The individual MMI device parameters were estimated using MATLAB mode solver [18] and FDTD simulation tool with TE polarized (s-polarized) light at λ = 1550 nm and these are given in Table 1.

2.2. Access Waveguides

To ensure single mode operation, geometrical parameters of the access waveguides were derived using MATLAB mode solver [18] for the TE polarized (s-polarized) light at λ = 1550 nm and FDTD simulation tool. The core thickness of 0.22 μ m and access waveguide width of 0.5 μ m at the input side of the tapered waveguide were chosen to achieve a single mode operation. All the calculated geometrical parameters of the access waveguides are given in Table 1.

2.3. Phase Shifters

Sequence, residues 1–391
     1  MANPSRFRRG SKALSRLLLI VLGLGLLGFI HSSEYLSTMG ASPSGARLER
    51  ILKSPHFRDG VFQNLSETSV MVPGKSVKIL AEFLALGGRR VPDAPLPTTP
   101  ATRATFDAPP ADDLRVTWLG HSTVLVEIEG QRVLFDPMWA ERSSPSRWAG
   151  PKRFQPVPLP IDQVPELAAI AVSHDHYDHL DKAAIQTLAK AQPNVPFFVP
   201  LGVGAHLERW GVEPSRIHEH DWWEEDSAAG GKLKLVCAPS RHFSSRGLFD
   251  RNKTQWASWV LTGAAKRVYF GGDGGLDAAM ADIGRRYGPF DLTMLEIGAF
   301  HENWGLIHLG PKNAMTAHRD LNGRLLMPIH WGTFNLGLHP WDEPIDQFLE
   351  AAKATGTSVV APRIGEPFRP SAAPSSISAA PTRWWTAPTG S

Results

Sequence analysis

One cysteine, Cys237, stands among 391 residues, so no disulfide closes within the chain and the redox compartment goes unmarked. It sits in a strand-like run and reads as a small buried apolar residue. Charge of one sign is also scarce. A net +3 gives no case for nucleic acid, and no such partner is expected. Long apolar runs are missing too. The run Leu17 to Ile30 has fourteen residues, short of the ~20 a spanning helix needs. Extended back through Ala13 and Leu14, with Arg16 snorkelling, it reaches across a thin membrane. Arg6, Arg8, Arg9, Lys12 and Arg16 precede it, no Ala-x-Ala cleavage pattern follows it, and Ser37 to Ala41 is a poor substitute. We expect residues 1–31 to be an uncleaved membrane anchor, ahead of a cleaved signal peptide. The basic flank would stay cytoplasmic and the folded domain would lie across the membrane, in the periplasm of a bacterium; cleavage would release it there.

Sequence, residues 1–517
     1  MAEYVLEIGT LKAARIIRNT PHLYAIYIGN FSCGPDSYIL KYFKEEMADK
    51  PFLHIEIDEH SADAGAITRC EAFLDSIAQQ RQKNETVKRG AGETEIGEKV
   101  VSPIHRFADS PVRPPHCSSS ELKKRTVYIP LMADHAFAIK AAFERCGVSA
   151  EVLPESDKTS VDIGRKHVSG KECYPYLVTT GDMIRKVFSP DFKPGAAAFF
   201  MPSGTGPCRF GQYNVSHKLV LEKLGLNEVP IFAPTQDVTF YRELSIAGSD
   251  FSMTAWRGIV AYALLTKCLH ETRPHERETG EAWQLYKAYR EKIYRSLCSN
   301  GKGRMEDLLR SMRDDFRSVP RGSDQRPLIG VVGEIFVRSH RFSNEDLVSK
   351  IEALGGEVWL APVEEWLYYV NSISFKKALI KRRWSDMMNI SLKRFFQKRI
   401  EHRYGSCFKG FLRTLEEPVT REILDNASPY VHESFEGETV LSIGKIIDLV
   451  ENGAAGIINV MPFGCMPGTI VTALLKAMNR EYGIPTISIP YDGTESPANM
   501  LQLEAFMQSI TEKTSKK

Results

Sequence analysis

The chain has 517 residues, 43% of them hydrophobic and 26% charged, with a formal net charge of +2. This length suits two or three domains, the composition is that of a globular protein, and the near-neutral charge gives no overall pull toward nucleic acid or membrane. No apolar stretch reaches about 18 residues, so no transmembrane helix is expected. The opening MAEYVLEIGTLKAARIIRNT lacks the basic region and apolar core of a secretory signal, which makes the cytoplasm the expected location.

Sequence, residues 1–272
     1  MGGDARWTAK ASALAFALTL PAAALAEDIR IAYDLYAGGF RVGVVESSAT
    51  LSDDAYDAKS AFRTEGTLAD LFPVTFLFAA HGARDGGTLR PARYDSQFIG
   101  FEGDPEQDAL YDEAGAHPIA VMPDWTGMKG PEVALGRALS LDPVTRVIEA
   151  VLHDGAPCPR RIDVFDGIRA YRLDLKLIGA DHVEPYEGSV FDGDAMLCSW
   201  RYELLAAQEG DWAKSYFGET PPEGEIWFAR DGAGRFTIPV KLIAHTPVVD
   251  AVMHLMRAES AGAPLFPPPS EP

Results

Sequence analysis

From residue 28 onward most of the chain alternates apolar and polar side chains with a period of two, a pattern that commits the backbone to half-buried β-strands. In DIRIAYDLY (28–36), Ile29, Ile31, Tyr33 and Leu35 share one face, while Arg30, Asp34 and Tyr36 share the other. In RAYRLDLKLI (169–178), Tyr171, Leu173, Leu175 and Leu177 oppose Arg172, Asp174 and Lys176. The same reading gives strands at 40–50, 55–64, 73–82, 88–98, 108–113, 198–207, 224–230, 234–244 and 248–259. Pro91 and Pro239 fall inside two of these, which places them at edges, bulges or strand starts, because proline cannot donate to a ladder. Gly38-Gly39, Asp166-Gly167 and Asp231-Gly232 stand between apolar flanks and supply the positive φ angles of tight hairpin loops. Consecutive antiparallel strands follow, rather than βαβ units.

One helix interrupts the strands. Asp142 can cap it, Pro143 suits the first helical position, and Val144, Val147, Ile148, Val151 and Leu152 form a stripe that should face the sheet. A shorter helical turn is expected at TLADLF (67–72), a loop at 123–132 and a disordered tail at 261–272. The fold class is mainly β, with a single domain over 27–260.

In many circumstances, the phase shifting is an essential characteristic of the optical signal as it traverses through waveguides, including switches and filters. Not all kind of phase shifting is, however, useful for switching application. In most cases, the desired phase shift requires special device design consideration. In the present work, two 1 × 1 MMI devices (MMI 3 and MMI 4 ) are considered for phase shifting purpose. Symmetric interference theory was used to calculate the L M M I to give a single image at the output. In the simulation, the length of the MMIs were varied from 0 to 10 μ m to obtain corresponding MMI width for single mode operation. The width was varied from 1 to 2 μ m for a 8 μ m long MMI to avoid cross-talk between the adjacent waveguides. The chosen waveguide can support up to a maximum of 3 optical modes. These parameters were obtained from the FDTD simulation as well as MATLAB Mode solver [18]. The grid-size used during FDTD simulation was 5 nm. In analogy to reference [7], two mesh override regions were used. The calculated parameters of the phase shifter are given in Table 1.